St. Matthew’s Cathedral in Washington, DC
BY: Ed Condon Catholic Catholic Agency
More than one year after the announcement of allegations of sexual abuse against former cardinal Theodore McCarrick, the Archdiocese of Washington has continued to refuse questions about McCarrick’s use of a personal charitable fund.
McCarrick funnelled hundreds of thousands of dollars through what was known as the Archbishop’s Fund, and reportedly made gifts to senior Vatican officials, even while the fund remained under the charitable auspices of the archdiocese.
Senior sources close to the Archdiocese of Washington have confirmed that archdiocesan records include the names of individuals, including senior Vatican figures, to whom McCarrick made payments from the fund.
But the Archdiocese of Washington has declined to disclose sources, sums, and uses of money, though it has acknowledged that the fund exists.
The archdiocese has also declined to comment on whether Archbishop Wilton Gregory will address accusations of financial misconduct by McCarrick, or publish the names of bishops who personally received gifts from the disgraced former archbishop.
The former cardinal’s reputation for gift-giving and participation in so-called “envelope culture” has come under renewed scrutiny following recent revelations concerning former Wheeling-Charleston Bishop Michael Bransfield.
Like Bransfield, McCarrick has faced a string of allegations of sexual misconduct, dating back years, and his ability to offer large financial gifts to other bishops has come under scrutiny as a possible reason he was able to operate unchecked for so long.
Several sources, among them cardinals, officials of the Roman curia, and McCarrick’s former staff members, have told CNA about McCarrick’s habit of visiting Rome and distributing cash or personal checks to senior officials.
In light of the Bransfield report, CNA asked the Archdiocese of Washington if it would publish the names of bishops and other Church figures who had personally received gifts or donations from McCarrick’s Archbishop’s Fund.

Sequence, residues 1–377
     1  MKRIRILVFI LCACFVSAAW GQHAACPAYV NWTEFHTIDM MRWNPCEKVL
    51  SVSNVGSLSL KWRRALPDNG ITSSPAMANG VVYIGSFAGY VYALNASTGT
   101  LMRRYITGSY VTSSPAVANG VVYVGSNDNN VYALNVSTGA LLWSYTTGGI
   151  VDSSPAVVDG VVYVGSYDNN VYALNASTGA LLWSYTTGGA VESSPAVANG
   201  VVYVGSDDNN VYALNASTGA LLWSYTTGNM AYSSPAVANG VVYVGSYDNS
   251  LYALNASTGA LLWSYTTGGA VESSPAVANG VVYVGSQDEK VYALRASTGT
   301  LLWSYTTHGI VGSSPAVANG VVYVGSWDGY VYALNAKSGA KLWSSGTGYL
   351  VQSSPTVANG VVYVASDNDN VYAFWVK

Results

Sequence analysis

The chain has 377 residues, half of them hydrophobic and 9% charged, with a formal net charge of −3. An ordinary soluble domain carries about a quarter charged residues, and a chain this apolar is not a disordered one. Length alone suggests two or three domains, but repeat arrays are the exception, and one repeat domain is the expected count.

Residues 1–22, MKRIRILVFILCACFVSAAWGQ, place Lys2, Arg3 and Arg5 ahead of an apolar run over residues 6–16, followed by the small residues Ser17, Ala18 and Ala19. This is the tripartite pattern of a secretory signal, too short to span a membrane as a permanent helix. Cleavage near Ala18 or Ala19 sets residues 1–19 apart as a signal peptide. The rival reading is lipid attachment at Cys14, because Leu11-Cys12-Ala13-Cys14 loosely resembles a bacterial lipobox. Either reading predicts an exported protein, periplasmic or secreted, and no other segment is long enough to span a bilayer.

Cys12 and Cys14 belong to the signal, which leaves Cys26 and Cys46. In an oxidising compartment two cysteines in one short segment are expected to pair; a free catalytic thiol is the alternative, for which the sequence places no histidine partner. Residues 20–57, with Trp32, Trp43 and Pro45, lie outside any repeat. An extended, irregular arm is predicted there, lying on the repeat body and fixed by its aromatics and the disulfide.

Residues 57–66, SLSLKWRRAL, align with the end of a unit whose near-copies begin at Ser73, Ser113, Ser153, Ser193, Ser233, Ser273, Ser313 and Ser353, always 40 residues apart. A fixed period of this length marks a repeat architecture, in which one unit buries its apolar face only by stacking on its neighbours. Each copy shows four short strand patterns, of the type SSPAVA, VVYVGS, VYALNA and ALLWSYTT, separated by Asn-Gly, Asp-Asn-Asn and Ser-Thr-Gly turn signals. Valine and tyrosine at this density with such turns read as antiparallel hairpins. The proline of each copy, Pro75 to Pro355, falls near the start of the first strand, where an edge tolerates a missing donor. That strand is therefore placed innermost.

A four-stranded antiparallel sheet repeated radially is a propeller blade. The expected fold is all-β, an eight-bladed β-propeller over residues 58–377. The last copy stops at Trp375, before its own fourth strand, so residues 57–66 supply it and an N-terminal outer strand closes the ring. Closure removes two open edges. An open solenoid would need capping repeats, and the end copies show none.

On July 10 the archdiocese declined to comment in response.
CNA also asked if the archdiocese could confirm whether information relating to the Archbishop’s Fund, including the names of beneficiaries, had been included in a report submitted to Rome as part of a Vatican investigation into McCarrick.
The archdiocese declined to comment.
CNA also asked if the archdiocese would be willing to comment, even in a general way, on the outstanding questions of financial propriety around McCarrick and Archbishop Gregory’s willingness or ability to offer a clear account of what has happened.
The archdiocese again declined to comment.
In August 2018 the Washington archdiocese told CNA that the fund was designated for McCarrick’s “personal works of charity and other miscellaneous expenses” and audited annually, along with all other archdiocesan accounts – although not included in any published financial reports or materials – and that “no irregularities were ever noticed.”
If personal payments to Church officials in Rome were offered with money from the Archbishop’s Fund, it is unclear what “charitable purpose” or “miscellaneous expenses” they would have been for, or how such expenditures would have been recorded.
Sources close to McCarrick and familiar with archdiocesan records have told CNA he made multiple “donations” to individuals with fund resources, and sources close to the archdiocesan chancery previously have told CNA that annual expenditures may have been examined only to ensure either a “broadly charitable” purpose or a “reasonable” miscellaneous expense.